Gauging the possibility for the establishment of a ship-cemetery
In January 2019, a historical ketch built in 1878 sunk at its mooring in Flensburg harbour during a gale. One year later another historical vessel in Flensburg’s harbour suffered the same fate.
These two events were overshadowed by the sinking of the German Maritime Museum’s three-masted barque "Seute Deern“ at its mooring, built 1919 in the United States. All these vessels have in common that the dilapidated state was underestimated until it was too late, and the vessels had to be declared a total loss. As in the case of the "Seute Deern“, scrapping was considered the only viable option, even for a historical vessel with a protection status. This unfortunate issue raises a general question: Is there a better way to deal with historical vessels, which are beyond repair?
Probably yes! If scuttled, they would form impressive underwater attractions and thereby could continue their role as museum ships. Moreover, wrecks also form artificial reefs and – as such – important habitats for marine life. Last not least, they present an opportunity for marine biologists to sample and monitor marine life at a hotspot, or for scientific divers to carry out surveying excercises.
With this idea in mind, BalticRIM project partner Daniel Zwick (State Archaeology Department of Schleswig-Holstein) gauged the legal and practical framework for the designation of a sea-area as ship-cemetery in Flensburg Fjord. Inspired by “Marine Sanctuaries“ of the US National Oceanic and Atmospheric Administration, this ship-cemetery too would seek a synergy-effect between natural and cultural protection for the public benefit in fulfillment of the EU’s Blue Growth strategy, but with one decisive difference: The designated area would be artificial in the sense that the wreck(s) need to be relocated to a predefined area, which would not present a hazard to save navigation, while being easily accessible for scuba-divers. In summer 2019, a first meeting took place with officials of the Waterways and Shipping Office (WSA) in Lübeck to gain information on the requirements. As expected, several bureaucratic hurdles were identified, which require the involvement of Flensburg’s municipal government. In December, the concept idea was presented by Daniel Zwick in the townhall of Flensburg to the mayor Simone Lange, other town officials and stakeholders from the maritime museum, tourist board and the local dive club. As the proposed area is located within the Danish-German BalticRIM pilot area – i.e. Flensburg Fjord – the meeting was also joined by the Danish BalticRIM project partner Lise Schrøder (Aalborg University). The mayor described the concept as an "idea worth pursuing“ and as next steps the issues of ownership and funding need to be addressed. It can be doubted that the establishment of a ship-cemetery can be realised in the BalticRIM project period, but nonetheless some significant impulses can be set.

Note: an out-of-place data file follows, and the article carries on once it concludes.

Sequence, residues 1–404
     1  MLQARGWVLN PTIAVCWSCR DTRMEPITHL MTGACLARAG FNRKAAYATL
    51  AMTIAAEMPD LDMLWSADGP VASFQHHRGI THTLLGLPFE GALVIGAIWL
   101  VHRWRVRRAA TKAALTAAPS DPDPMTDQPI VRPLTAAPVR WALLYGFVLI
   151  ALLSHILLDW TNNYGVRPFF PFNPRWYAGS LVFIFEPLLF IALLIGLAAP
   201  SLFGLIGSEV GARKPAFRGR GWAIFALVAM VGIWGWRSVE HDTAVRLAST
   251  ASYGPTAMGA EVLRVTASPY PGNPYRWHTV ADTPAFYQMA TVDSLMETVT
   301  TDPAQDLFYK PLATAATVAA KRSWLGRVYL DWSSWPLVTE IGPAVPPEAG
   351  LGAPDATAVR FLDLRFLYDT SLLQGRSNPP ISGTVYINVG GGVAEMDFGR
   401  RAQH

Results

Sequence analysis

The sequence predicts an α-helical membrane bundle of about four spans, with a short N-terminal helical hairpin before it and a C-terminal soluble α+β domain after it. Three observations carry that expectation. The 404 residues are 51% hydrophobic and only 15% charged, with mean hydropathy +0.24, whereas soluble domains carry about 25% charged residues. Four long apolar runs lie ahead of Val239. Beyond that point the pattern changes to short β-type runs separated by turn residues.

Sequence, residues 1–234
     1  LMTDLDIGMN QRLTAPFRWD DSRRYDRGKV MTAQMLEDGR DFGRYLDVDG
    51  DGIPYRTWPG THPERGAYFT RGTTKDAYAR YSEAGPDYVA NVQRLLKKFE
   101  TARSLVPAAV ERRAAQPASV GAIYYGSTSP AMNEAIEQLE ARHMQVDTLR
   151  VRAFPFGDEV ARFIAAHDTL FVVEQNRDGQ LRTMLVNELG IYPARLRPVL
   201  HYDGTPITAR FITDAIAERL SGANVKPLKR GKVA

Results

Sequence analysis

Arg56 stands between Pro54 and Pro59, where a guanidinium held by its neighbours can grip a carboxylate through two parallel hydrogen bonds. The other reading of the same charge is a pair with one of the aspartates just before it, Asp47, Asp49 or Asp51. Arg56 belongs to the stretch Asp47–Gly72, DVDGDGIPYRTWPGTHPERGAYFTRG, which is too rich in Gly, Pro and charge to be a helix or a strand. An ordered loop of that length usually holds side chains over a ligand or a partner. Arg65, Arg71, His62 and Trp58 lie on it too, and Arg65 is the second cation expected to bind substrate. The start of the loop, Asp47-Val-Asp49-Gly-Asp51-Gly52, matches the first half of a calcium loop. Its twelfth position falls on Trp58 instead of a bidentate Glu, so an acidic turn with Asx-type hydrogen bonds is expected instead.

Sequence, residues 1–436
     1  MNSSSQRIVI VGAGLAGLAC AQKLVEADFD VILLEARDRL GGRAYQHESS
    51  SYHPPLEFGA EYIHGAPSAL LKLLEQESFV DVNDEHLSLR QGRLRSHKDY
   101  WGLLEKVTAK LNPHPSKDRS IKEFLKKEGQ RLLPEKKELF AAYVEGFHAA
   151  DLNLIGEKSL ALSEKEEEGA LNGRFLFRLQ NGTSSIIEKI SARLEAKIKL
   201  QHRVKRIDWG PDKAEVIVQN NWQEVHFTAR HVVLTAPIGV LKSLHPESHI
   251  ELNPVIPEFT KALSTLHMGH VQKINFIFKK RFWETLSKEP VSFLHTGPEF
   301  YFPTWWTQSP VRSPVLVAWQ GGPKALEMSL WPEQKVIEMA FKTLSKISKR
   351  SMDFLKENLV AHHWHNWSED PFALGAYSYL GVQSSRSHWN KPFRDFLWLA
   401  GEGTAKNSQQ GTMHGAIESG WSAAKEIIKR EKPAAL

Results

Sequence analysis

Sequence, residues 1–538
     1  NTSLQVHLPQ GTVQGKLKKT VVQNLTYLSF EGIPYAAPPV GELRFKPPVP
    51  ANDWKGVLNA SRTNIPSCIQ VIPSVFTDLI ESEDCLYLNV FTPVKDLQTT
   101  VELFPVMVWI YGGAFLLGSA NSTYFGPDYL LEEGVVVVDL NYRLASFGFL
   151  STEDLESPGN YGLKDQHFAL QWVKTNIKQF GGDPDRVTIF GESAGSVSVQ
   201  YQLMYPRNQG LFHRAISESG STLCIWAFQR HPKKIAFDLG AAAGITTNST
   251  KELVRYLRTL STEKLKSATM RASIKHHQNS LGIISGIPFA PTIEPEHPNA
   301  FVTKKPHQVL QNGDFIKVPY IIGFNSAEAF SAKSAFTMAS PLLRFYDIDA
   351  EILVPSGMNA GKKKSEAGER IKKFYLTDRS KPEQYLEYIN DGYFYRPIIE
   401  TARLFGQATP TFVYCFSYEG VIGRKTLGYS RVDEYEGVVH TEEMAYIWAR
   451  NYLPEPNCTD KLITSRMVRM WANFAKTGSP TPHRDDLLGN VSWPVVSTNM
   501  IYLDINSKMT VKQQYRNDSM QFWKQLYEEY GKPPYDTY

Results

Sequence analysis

Author: Daniel Zwick/State Archaeology Department of Schleswig-Holstein
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